My first memory of Becky Morton was when she emailed on February 15, 2013 to say that she was very pleased to hear that the graduate admissions committee at NYU had decided to accept me into the program. At the time, I was not aware of much of her work and had not mentioned an interest in working with her in my application. However, Becky reached out to me. She was more than willing to take time to answer my questions and put effort into convincing me to attend NYU. As I have come to learn, that was standard for Becky. She constantly took time to mentor students and junior colleagues. Becky was never too busy to serve as a PI on a grant or IRB application for me or any other student, even if she was not chairing their committee. She was never too busy to throw a party or organize a workshop or conference so that junior people in the profession could learn more and network with senior colleagues. Becky was never too busy to give feedback on a paper.
The first paper I published would have never occurred if it were not for Becky. In early 2016, Mateo Vásquez-Cortés, also an NYU student at the time, and I attended the Winter Experimental Social Science Institute (WESSI), which Becky organized every year in Abu Dhabi. There, we met Lauren Young, at the time a graduate student at Columbia. At the workshop, Lauren presented some of her dissertation work on the impact of emotions on collective action. As we saw her present, Mateo and I realized we shared common interests with Lauren and approached her about working together on a project. This has become a multi-paper endeavor. Lauren, Mateo, and I are not unique. I know of many collaborations that budded at WESSI.
Our field is certainly richer because of Becky. The amount of knowledge that has been created and divulged thanks to her direct or indirect action is immense. Not only did she write groundbreaking papers, but mentored numerous students, organized the annual NYU CESS Experimental Political Science conference and the annual NYU alumni workshop, and also served as an editor at JEPS. Becky’s impact is truly wide reaching. Her impact, however, goes beyond the intellectual. In the world of academia, it is easy to forget that we are more than our publications and accolades. Becky did not forget that. She treated both Ivy-League tenured professors and small-school graduate students with the same respect and dignity. She cared more about someone’s story than their latest APSR or AJPS.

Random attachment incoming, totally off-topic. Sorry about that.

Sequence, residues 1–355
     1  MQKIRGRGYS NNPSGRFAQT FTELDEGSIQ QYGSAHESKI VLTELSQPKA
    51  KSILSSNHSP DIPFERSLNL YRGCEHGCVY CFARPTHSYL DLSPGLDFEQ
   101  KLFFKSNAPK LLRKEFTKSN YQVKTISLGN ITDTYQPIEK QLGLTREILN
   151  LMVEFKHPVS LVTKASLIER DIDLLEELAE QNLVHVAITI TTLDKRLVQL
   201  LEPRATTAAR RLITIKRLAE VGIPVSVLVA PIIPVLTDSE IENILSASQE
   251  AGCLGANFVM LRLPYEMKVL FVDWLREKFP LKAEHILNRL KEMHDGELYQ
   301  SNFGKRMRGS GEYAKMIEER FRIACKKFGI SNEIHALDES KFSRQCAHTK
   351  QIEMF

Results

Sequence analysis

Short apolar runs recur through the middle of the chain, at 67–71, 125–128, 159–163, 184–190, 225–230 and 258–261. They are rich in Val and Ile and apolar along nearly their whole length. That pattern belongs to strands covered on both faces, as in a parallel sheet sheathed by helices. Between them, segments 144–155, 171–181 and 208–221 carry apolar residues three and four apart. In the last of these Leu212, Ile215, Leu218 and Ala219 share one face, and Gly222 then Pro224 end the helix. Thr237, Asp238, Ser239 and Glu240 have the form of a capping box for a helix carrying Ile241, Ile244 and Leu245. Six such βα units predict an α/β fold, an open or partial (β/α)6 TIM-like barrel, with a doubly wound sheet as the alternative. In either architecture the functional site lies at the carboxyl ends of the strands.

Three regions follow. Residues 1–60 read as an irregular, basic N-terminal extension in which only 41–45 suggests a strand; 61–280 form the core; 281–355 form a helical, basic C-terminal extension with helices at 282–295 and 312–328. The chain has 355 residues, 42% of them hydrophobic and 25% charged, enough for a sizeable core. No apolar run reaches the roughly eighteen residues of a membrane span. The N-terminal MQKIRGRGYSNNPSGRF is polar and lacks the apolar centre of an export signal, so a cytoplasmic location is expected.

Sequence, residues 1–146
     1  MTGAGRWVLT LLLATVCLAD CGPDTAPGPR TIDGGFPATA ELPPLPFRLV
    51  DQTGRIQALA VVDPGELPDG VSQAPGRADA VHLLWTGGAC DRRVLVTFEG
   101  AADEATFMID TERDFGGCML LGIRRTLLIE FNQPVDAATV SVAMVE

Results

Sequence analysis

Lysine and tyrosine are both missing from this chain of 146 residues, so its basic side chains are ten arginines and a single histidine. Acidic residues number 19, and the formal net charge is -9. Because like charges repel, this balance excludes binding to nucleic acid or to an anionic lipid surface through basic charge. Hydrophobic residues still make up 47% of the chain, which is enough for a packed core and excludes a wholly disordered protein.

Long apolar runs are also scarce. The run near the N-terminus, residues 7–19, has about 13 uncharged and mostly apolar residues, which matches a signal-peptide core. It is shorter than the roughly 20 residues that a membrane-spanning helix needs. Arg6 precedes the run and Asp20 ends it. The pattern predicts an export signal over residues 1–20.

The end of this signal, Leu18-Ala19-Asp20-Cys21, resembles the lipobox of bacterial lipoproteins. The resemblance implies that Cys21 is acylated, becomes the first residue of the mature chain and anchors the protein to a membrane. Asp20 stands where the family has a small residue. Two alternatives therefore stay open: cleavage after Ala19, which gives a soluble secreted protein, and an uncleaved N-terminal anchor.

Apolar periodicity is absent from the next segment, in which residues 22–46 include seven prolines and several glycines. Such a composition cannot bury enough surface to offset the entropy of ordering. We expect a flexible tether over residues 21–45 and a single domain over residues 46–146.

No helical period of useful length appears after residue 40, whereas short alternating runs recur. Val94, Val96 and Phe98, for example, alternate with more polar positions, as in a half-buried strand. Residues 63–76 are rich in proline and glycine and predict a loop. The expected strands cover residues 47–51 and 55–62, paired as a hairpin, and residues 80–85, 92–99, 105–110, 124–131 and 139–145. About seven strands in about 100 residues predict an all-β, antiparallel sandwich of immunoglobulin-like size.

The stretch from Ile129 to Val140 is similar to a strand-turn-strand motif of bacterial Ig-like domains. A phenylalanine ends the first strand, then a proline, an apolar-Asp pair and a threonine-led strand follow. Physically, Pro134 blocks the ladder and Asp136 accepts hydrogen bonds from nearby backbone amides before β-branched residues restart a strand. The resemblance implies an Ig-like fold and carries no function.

My last memory of Becky is the party she threw to say good-bye to New York. She was permanently moving out of the city to become Associate Dean at NYU Abu Dhabi. She invited both her graduate students and professors with endowed chairs. At the party, she told us stories about her daughters. She also recalled witnessing 9/11 from her window and she mentioned how much she would miss throwing parties at her Greenwich Village apartment. As it had become usual at Becky’s parties, the food and the company was spectacular. As I left Becky’s building, I noticed I had forgotten by backpack, so I went back to pick it up. When I arrived, she asked me to fill the backpack by taking home some of the leftover wine bottles. That was Becky: always generous, always kind.
Abraham Aldama, University of Pennsylvania